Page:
"The 80/20 Principle" refers to research on differences in performance between 40 medium sized German companies. The most profitable companies were all simpler than the others - they had a stronger understanding of and focus on what was important and kept working at it.
The fundamental 80/20 rule (also known as Pareto's Principle after the Italian Economist Vilfredo Pareto who first noticed the relationship) is a challenge to us to think about and observe what activities in our lives and work that we typically spend 20% of our time on, actually generate 80% of the results (and the figures don't have to be precisely this ratio - it might be 70/30 or 95/5). If we can identify the 20% that really makes the difference, and we double it - can we achieve 160%? The challenge is there.
Interestingly Koch gives the advice to set impossible targets for your teams, because this by its very nature will cause them to focus on the 20% of value. This has a kernel of truth in it, and perhaps achieves the same result as agile practices which focus on business value. This is inspite of seeming to contradict the extreme programming "no overtime" practice. Brad has written in his blog ( Simple Ain't Easy ):
I think that true simplicity is about minimizing and managing overall complexity. Complexity in software design and development comes from the sheer size and complexity of the problem we are being asked to solve, and the richness and vastness of the interconnected maze of interactions within the system and between the system and its environment. The overall complexity of the system is dominated far more by the interactions between the parts that makeup the whole than it is by the parts alone.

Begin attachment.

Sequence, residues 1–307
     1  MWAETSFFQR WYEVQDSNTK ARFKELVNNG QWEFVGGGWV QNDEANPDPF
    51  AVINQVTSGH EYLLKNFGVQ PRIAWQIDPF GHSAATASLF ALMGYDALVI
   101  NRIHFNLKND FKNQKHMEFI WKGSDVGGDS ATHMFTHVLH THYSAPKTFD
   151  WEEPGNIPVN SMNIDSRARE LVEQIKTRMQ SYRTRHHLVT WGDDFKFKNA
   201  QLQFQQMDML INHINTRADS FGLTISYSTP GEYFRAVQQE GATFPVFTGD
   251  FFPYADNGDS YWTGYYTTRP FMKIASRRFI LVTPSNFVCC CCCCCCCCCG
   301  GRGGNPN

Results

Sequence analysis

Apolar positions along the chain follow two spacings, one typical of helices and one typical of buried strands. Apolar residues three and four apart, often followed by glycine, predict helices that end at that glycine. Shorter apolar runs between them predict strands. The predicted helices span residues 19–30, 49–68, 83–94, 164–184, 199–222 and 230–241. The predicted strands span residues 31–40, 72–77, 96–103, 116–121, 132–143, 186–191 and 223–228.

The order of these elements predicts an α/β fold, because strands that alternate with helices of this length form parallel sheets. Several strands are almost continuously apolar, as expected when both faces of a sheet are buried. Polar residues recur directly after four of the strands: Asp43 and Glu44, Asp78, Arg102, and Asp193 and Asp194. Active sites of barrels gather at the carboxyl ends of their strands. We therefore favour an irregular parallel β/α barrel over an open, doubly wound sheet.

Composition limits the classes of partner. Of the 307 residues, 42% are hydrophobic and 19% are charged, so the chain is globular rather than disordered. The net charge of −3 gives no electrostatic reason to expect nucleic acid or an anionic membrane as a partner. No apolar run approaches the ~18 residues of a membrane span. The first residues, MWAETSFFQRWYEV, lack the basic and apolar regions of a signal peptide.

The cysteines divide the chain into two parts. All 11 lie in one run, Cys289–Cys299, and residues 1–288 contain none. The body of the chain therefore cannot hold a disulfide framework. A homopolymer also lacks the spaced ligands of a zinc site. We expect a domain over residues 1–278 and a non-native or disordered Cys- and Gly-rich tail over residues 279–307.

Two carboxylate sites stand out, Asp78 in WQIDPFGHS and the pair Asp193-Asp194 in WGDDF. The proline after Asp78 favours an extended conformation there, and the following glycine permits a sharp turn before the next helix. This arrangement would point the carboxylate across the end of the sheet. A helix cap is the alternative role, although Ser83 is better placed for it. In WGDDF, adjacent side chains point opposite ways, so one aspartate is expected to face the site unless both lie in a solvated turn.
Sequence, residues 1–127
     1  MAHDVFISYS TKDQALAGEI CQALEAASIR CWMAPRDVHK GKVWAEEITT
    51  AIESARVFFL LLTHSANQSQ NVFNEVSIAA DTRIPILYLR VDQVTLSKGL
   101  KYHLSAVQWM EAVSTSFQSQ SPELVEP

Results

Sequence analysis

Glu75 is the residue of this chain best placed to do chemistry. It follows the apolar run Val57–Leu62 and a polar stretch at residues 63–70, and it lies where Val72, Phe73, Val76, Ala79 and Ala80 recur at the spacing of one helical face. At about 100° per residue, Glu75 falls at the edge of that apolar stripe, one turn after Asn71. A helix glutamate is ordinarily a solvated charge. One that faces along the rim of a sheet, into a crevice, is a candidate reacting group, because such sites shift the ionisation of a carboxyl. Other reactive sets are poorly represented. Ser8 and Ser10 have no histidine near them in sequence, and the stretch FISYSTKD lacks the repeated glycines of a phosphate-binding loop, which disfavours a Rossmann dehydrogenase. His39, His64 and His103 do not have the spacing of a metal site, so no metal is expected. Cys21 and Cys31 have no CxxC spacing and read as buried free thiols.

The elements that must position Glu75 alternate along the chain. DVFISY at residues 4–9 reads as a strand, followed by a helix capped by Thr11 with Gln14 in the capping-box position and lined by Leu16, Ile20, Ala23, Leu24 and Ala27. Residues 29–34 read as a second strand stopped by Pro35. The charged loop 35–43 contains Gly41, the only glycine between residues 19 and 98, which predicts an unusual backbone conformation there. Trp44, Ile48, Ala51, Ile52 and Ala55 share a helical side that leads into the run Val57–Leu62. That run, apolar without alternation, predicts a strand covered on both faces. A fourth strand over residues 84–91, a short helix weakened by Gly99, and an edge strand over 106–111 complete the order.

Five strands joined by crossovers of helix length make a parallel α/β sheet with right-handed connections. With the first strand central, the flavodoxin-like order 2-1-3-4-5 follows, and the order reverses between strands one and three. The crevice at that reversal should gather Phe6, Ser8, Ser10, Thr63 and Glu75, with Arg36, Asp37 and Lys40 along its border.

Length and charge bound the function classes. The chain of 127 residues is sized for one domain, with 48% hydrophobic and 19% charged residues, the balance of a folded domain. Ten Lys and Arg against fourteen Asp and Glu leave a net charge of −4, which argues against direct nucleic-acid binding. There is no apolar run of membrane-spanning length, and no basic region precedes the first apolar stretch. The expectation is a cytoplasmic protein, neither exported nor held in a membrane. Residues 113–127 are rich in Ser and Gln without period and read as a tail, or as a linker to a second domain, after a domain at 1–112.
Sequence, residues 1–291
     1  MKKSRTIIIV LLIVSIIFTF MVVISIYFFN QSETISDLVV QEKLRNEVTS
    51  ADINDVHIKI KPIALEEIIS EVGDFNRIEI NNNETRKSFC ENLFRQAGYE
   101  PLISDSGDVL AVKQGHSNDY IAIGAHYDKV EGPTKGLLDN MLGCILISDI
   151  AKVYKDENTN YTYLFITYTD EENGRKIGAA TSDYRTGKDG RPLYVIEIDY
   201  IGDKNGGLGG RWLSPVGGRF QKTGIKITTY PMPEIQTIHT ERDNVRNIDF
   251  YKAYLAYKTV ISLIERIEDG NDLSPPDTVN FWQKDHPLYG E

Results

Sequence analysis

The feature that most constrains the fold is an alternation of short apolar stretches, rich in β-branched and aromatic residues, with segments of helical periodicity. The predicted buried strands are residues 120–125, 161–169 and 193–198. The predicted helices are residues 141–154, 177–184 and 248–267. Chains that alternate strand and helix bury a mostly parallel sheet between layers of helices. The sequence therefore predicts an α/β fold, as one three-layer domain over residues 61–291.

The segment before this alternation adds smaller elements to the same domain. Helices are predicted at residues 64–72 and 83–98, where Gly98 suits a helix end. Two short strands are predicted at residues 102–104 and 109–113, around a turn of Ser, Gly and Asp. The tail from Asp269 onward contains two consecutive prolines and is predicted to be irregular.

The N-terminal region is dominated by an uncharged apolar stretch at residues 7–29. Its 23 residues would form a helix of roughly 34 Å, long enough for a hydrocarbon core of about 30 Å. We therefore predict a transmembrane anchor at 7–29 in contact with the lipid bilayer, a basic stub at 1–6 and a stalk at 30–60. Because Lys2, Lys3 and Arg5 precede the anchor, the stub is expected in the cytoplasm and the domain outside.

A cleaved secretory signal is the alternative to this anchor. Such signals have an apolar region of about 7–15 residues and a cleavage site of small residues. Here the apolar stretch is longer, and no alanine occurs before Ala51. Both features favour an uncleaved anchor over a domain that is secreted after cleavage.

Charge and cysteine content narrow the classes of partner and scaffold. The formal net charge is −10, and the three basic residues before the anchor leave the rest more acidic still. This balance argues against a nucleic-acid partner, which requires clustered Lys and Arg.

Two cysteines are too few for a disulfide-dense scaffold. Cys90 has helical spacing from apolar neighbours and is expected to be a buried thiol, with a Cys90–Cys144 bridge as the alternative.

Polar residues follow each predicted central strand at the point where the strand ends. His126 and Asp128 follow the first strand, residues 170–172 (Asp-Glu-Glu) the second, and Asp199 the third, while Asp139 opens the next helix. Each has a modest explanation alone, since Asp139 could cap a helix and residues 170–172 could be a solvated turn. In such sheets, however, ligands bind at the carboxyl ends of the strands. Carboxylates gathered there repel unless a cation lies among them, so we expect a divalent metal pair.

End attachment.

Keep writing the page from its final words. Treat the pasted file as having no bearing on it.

For any non-trivial system, simplicity often has less to do with the number and kind of different things involved and more to do with the number and kind of interdependencies between them. So achieving simplicity is less about managing "parts" of "things" or individual point-solutions, and is more about managing rules and relationships between the parts and things and solution-sets.
When dealing with large or complex systems (like most software, and software processes) the number of things (scale) and different types of things (diversity) that need to be managed is overwhelming. If we can come up with a modicum of modest, simple rules & principles to govern our design decisions in ways that help us minimize and manage interdependencies, eliminate constraints, and remove waste, then we are on the path to solving the real problem and meeting stakeholder needs in a way that is both simple and sustainable.
Testing and the Product Development Ecosystem
Software Configuration Management Patterns starts with the idea that how your software configuration management is part of the larger context of your development environment, which includes the product architecture, your organizational structures, and, we can now add, your testing strategy. For example, a product development organization that has a highly modular architecture, high communication between product and very good test coverage might find it self need to branch less frequently as variations are addressed by the modularity and stability concerns by test coverage. Likewise an team with a Big Ball of Mud architecture and poor test coverage may feel the need to maintain multiple codelines.
The SCM Pattern language is one mechanism for illustrating where testing fits in to the process. The SCM Pattern language was written with the idea of building a system where you can be agile, lean, and minimize unnecessary branching. Let's talk about that and then cover how you can